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Access to higher education for welfare recipients: An analysis of welfare policy development designed by national and state policymakers
The purpose of this study was to determine the rationale for respective decisions made at the national level and by one state chosen for review concerning postsecondary education as an allowable work activity in the current welfare legislation (Personal Responsibility and Work Opportunity and Reconciliation Act of 1996). The researcher conducted in-depth unstructured interviews with twelve prominent policymakers at the national level and in one state to identify primary decision-makers, major factors that influenced their decisions, and if these decisions could be explored anew. All twelve informants were directly involved in welfare policy development and provided insights on why postsecondary education was restricted at the national level and limited to 24 months at the state level. ^ The data analysis revealed that welfare policy was constructed at both the national and state level based on politics and on the economy. The lack of research in this area and the absence of higher education officials participating in the decision making process also affected the decision to restrict or to limit postsecondary education as an allowable work activity. ^ Six recommendations evolved from this study targeted at promoting the expansion of postsecondary educational opportunities for welfare recipients. These recommendations could lead to a change in the federal definition of work to include postsecondary education as an allowable work activity. At the state level the recommendations to extend participation in postsecondary education, beyond the 24 months currently allowed, would enable eligible welfare recipients to complete the requirements for a bachelor's degrees. ^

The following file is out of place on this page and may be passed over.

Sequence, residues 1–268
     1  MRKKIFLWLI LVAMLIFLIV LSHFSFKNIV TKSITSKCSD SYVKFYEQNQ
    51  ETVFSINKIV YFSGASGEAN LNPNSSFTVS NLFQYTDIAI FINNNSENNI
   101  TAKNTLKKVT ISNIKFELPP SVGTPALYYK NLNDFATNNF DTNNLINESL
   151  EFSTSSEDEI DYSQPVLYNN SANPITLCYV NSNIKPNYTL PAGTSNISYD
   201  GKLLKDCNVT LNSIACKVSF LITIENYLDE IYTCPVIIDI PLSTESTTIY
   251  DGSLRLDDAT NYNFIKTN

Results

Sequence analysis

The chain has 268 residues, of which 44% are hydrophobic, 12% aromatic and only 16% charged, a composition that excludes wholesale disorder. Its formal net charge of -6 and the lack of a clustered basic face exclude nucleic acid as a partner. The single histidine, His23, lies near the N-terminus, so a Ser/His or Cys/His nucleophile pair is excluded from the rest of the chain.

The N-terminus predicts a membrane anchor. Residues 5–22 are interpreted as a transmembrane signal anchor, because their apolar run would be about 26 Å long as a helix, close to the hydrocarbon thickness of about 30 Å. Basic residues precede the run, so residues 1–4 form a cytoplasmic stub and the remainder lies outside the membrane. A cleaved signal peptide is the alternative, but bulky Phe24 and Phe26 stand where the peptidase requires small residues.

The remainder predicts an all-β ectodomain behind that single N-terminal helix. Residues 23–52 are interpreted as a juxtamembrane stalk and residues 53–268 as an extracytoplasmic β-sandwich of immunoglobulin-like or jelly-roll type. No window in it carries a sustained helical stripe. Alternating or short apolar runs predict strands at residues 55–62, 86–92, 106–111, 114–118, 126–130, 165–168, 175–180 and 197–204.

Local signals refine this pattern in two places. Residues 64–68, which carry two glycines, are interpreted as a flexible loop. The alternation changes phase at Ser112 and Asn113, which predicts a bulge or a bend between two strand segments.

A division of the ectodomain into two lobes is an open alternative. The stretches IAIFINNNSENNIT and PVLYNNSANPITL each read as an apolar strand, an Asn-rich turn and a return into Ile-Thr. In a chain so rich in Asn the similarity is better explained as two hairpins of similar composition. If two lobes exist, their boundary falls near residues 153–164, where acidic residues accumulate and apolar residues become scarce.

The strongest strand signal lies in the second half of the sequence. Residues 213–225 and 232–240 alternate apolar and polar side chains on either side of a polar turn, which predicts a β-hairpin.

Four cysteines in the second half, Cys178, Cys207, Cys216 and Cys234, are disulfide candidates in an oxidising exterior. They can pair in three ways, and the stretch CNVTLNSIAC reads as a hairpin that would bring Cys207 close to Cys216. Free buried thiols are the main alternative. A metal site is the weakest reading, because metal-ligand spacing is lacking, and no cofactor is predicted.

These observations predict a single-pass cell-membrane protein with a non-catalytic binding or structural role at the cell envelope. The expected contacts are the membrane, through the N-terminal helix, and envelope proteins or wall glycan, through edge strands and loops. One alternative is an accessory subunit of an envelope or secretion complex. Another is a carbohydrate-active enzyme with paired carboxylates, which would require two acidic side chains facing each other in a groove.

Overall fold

Education, Adult and Continuing|Sociology, Public and Social Welfare|Education, Higher
Dann-Messier, Brenda, "Access to higher education for welfare recipients: An analysis of welfare policy development designed by national and state policymakers" (2000). Dissertation & Theses Collection. AAI3106403.